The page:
I am a speaker at the CVPR 2024 Tutorial on Generalist Agent AI. My talk describes benchmarks, algorithms and architectures related to Language-based AI Agents. Here are my slides.

Language-based AI Agents are a new generation of assistants capable of performing actions specified by a user in natural language. These actions may take place in the digital world, the physical world, or a combination thereof. For example, I may ask this agent to “Place an online order for a new pair of black running shoes for me”.

My talk outlines a series of Language-based Agent architectures that range from simpler to complex: (1) Prompt-template based Agents; (2) Learnable prompt Agents; (3) Large Action Models (LAMs); (4) Multi-agent orchestration. At Salesforce AI Research, our team has developed a full ecosystem of open source tools and implementations to study the problem of Language-based AI Agents. Our ecosystem covers the full range of Agent architectures.

Salesforce AI Research Open Source Ecosystem for AI Agents

  1. Prompt-template Agents: These are LLM-based agents that rely on architectural designs and templated prompts to achieve action execution. Generally, there are no trainable components within the agent architecture. Instead, they are used in a zero-shot setting or in a few-shot manner with in-context learning. We evaluated a variety of prompt-template agent architectures and LLM combinations in our recent BOLAA [1] paper. Here’s the code. We’ve also proposed a new agent architecture that uses Monte-Carlo Tree Search (a la AlphaGo) to improve agent effectiveness in our REX [2] paper.

  2. Learnable-prompt Agents: Taking one step forward, we can make part of the template formation learnable. In our recent Retroformer [3] paper, we looked at training a retrospective module, which automatically tunes the language agent prompts from environment feedback through policy gradient. Our paper shows that this process makes the frozen LLM more effective in performing actions. We released the code here.

  3. Large Action Models (LAMs): While the previous strategies can be effective when limited data is available, we can take a different approach when we have access to example pairs of user task inputs and task execution in the form of action steps. In this case, we can afford to further train the LLM into a Large Action Model (LAM). We can think of a LAM as being an LLM specifically trained to execute actions from data. The first key ingredient of course is the data itself. In our paper AgentOhana [4], we developed a unified data pipeline and data format that aggregates action trajectories from a multitude of environments. As a result, we are able to train our xLAM model and show how it can achieve state-of-the-art performances in multiple evaluation benchmarks. We’ve released the data pipeline and xLAM models.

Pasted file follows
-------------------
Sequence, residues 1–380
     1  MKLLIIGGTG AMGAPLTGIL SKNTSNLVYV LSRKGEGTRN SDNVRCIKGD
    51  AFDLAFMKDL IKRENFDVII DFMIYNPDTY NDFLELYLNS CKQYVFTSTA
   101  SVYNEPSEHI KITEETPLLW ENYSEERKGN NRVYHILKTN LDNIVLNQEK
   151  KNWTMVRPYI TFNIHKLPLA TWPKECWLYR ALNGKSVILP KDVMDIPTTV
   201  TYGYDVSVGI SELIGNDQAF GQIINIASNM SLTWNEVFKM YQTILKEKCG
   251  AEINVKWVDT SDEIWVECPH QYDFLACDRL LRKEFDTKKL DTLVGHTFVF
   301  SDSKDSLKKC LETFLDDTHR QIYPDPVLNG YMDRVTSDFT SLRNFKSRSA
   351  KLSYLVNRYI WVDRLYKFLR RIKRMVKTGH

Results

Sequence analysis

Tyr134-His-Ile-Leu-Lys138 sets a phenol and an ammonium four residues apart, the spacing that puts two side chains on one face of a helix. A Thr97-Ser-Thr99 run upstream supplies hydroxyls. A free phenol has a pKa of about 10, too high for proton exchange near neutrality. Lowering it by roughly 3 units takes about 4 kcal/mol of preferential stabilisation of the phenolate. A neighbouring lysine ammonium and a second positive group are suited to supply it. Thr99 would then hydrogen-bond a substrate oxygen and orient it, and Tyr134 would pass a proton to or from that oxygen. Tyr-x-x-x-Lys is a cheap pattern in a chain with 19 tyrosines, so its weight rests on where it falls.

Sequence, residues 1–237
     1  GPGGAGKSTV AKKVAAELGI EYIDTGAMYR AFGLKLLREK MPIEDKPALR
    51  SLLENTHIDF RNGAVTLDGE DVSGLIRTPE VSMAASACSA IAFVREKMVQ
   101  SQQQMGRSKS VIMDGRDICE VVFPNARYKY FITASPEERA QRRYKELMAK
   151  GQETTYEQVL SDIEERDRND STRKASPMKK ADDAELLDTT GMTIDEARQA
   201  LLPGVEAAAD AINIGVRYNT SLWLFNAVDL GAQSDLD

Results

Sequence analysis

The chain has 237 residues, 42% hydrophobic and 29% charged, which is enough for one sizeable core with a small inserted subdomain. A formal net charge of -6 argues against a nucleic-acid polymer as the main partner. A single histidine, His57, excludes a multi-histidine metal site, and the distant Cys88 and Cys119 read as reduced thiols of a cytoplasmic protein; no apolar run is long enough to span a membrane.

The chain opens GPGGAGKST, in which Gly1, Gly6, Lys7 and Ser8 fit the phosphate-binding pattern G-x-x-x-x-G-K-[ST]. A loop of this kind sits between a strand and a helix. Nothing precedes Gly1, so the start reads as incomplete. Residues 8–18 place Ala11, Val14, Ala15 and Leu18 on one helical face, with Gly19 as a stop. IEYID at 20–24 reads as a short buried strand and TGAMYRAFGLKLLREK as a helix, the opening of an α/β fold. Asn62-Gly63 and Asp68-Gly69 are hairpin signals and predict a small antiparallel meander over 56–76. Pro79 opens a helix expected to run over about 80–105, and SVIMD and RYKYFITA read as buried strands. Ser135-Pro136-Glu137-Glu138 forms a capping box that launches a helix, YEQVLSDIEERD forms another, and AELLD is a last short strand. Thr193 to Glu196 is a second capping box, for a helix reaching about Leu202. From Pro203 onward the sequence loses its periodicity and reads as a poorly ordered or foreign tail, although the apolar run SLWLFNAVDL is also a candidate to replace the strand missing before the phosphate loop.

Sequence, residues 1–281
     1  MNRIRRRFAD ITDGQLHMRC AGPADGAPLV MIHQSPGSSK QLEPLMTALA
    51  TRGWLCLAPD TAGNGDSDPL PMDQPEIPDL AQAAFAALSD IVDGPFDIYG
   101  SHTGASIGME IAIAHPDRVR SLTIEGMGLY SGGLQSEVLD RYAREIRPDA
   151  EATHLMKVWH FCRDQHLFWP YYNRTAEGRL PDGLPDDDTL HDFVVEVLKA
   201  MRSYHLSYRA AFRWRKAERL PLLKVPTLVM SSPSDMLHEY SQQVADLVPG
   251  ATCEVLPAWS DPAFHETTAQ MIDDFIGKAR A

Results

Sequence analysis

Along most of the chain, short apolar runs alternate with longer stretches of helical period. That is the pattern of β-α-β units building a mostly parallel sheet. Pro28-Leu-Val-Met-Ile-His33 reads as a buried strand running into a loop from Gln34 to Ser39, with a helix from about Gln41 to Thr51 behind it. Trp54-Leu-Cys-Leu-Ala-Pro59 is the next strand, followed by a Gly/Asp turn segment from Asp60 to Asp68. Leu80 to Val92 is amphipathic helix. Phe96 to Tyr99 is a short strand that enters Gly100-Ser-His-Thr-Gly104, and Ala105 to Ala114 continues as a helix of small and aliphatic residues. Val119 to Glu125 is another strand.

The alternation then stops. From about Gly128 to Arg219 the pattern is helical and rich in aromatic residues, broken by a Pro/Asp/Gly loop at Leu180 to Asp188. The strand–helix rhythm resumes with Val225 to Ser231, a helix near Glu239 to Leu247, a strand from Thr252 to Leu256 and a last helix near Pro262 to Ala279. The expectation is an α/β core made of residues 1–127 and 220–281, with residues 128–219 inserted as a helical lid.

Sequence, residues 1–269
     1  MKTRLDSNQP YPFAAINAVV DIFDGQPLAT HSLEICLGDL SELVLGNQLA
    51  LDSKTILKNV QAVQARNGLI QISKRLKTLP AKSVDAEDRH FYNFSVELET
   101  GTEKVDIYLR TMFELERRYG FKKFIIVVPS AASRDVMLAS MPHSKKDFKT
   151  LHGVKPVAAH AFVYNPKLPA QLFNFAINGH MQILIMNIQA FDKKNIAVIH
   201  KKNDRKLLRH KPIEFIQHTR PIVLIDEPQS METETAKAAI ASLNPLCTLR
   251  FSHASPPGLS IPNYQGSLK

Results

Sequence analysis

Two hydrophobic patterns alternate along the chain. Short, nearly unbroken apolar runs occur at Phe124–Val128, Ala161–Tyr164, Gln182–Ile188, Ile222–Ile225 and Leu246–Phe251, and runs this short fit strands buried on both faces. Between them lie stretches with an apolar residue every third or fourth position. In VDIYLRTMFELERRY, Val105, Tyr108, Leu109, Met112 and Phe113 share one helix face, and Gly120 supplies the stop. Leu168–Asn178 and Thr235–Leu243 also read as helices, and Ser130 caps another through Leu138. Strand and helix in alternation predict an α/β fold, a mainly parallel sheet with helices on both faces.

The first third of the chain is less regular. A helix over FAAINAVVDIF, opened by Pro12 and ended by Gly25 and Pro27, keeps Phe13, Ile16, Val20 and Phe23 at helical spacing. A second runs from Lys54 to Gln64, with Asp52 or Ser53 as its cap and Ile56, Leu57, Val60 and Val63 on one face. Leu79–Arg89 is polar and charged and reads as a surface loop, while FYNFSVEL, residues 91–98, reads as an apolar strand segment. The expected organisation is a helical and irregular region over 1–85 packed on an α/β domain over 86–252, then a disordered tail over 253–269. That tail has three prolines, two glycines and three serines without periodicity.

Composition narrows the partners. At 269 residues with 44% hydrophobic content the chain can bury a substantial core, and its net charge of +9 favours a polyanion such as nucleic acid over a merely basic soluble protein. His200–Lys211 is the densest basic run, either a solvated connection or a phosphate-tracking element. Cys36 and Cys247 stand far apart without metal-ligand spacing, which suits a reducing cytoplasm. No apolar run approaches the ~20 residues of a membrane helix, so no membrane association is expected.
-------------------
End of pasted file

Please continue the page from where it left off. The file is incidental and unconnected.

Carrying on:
4. Multi-Agent Orchestration: The three solo agent architectures above can be quite effective in various application domains. However, there may be situations in which the tasks are so complex that they require deep specialization in a very wide range of domains. In that case, it may be desirable to modularize the architecture into multiple specialized agents that are coordinated by an orchestrating mechanism in a central controller. Our AgentLite library simplifies the implementation of new agent/multi-agent architectures, enabling easy orchestration of multiple agents through a manager agent. In our BOLAA [1] paper, we designed a multi-agent architecture that outpeforms solo-agent approaches.

The road ahead for AI Agents and LAMs

I’m interested in several areas of research around AI Agents and LAMs. In no particular order:

  1. Multimodal AI Agents: we are looking at adding other sensory modalities to the agent framework, both to enable user-agent communication in a multimodal fashion, but also to enable the agent to interact with multimodal environments.
  2. Efficient learning and Generalization: Learning still requires a significant amount of data, so data-efficient methods are atractive. Also of interest is the idea of generalization to more domains and enviroments, so that transfer from one domain to another could be done efficiently.
  3. Task complexity and agent specialization: our multi-agent experience indicates that orchestrating multiple specialized agents can achieve better performances compared to a monolithic agent approach, partcularly when task complexity increases. Understanding how deep the agent specialization can go in a single domain versus the multi-agent decomposition can be beneficial for more efficient implementations.
  4. More advanced benchmarking to help pushing capabilities forward: We are in the early stages of agent benchmarking and it is very important to continue creating more detailed evaluation frameworks, with enviroments that support more complex tasks. This will be critical to facilitate the development of more capable AI Agent algorithms.